A trap that many special education parents fall into is to take the school administrator’s and teacher’s fallacies about your child personally. It is infuriating when you realize that staff have been less than truthful about your child at his or her PPT. It feels like a personal affront and an attempt to dupe you into allowing mediocre education for your child.
It is beneficial to keep your cool and remain emotionally neutral – or at least to appear emotionally neutral. Once parents expose their emotions, school staff find it much easier to manipulate parents. It is unnerving when parents are not easily rattled. By calmly persisting in making factual and reasonable arguments why your child’s need are not being met, the school is less able to dodge providing the education that your child needs.
Don’t worry about being liked. It is important that the school staff who work with your child know you cannot be manipulated and will persist for as long as it takes.
Special Education Advocates have an advantage because we are able to maintain emotional distance. This enables our communication with the PPT members to remain calculated and direct in order to corral the team into doing the right thing for the special needs child.
Parents sometimes ask to observe their special needs child in school. This may be because the parents have a hard time believing what the school is telling them about how their child is doing in school. Many times, members of the PPT team (the word team is redundant, because PPT stands for Planning and Placement Team – but many people don’t know that) will report that the child is doing fabulously, but the parents don’t see the same results at home. Parents, rightly, want to see their child in class for themselves.
Most districts will deny the request – especially if it is made by telephone. But you have the right to observe your child. When you make the request, put it in writing, and use the words “in order to be a full participant in my child’s PPT, I need to observe my child in his classroom.” Special Education law states that parents are to be full and equal participants in their child’s PPT. If you feel a need to observe your child in school in order to have sufficient information, you have the right. You just have to word the request specifically so that they cannot deny it. Use the wording above, or something similar. If they ask you “why” you feel a need to observe the child in school, you don’t have to give them an answer except that you need to in order to be a full and equal member of your child’s PPT. Stick to your guns, and don’t let them take your request on a tangent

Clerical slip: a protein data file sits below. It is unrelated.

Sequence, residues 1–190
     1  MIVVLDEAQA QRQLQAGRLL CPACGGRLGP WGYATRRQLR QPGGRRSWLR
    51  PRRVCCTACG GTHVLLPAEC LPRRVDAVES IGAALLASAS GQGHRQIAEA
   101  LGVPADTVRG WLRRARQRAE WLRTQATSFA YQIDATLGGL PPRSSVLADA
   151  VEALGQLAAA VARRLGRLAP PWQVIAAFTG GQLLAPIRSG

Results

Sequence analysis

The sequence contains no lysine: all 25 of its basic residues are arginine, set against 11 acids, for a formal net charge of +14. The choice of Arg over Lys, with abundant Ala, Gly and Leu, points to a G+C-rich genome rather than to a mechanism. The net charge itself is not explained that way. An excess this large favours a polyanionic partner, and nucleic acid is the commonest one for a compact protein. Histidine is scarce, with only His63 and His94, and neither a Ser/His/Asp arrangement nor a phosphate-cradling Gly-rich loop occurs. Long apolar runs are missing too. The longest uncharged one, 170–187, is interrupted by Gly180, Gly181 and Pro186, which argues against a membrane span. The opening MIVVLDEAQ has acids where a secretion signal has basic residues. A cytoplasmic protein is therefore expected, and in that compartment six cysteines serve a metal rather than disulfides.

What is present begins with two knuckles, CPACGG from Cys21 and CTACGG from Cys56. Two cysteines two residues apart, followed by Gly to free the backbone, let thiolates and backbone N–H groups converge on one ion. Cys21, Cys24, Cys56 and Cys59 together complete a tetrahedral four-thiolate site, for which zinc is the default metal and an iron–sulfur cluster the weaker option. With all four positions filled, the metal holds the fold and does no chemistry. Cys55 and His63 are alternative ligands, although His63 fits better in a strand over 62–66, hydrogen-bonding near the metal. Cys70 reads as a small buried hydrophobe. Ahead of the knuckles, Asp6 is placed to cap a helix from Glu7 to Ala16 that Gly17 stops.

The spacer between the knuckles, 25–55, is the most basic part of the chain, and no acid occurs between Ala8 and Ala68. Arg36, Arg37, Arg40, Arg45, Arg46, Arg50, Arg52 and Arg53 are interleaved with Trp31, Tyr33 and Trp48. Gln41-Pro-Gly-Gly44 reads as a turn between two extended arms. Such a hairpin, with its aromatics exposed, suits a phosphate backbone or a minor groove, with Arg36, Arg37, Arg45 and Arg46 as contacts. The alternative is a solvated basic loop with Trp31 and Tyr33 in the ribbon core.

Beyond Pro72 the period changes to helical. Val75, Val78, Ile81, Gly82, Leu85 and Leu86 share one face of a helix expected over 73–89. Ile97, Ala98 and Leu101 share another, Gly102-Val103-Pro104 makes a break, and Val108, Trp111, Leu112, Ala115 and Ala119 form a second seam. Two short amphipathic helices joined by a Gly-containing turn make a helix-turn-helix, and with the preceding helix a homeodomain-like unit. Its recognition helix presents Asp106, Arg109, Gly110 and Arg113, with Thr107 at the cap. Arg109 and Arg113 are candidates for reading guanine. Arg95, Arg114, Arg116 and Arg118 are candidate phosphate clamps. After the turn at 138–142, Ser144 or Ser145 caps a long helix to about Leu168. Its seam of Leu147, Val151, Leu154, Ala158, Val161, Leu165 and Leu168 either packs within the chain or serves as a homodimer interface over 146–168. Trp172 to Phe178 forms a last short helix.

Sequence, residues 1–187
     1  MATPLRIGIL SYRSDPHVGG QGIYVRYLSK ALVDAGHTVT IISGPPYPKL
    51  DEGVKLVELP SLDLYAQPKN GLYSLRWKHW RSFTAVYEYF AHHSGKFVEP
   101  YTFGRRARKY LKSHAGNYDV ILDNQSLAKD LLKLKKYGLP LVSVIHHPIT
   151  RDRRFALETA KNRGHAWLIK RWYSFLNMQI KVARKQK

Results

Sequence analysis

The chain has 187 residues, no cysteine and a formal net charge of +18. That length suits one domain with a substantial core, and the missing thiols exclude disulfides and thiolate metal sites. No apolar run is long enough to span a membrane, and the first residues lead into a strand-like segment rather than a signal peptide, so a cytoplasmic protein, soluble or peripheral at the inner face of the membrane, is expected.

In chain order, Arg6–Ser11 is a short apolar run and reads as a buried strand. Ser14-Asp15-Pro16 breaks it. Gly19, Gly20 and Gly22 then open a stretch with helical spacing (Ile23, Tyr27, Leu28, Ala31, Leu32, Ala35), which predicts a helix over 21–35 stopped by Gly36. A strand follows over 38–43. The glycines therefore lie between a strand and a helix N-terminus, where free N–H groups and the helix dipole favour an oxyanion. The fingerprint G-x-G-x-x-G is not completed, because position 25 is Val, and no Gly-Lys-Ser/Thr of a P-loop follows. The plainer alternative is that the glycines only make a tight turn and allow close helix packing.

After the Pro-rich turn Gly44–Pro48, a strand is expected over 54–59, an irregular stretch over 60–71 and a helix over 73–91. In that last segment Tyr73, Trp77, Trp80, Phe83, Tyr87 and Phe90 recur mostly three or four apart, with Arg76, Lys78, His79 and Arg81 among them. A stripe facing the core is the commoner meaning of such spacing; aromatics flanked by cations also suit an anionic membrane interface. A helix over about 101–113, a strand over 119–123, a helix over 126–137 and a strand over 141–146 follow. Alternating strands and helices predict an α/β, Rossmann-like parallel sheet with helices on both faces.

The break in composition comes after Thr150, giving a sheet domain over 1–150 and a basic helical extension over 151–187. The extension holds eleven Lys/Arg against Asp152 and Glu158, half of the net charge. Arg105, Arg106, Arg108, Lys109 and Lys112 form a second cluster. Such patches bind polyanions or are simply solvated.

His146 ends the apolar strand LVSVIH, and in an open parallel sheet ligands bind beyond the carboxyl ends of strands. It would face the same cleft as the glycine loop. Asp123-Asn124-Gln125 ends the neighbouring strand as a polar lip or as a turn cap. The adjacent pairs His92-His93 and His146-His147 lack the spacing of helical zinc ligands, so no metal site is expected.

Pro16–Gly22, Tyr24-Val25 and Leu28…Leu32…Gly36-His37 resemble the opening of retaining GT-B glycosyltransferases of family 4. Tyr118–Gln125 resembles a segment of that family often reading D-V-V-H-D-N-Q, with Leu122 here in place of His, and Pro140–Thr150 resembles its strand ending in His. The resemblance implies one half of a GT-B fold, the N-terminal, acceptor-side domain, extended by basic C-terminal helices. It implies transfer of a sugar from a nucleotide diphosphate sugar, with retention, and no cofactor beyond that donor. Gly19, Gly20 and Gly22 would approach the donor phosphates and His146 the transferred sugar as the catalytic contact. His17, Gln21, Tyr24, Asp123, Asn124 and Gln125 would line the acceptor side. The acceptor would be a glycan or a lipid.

Special Education school administrators can be masters at manipulating parents. If we parents make a request for our child, from say, requesting an evaluation to obtaining additional services, we are very often met with a “no” and barraged with reasons that sound reasonable as to why our request was turned down.
Don’t accept the no. There are protections in place which keep schools from rejecting parent requests without providing good reasons.
If you suspect that your child may have a disability that is hindering his/her ability to learn in school, you have a right to request an evaluation. The school is obligated to respond to your request. If you call them on the phone, they may just tell you that your child is doing well enough and that an evaluation is not warranted. You don’t have to accept that answer.
Put your request in writing. Email is fine. Just make sure your request and the reasons are written down and sent to at least two staff members at your child’s school. This can be an assistant principal, and principal. Once it is in writing, the school cannot deny that you officially made the request. This inability to deny is vital because the school is obligated to respond appropriately to a request from a parent.
If a request is not in writing; however, the school will usually act as if the request never happened.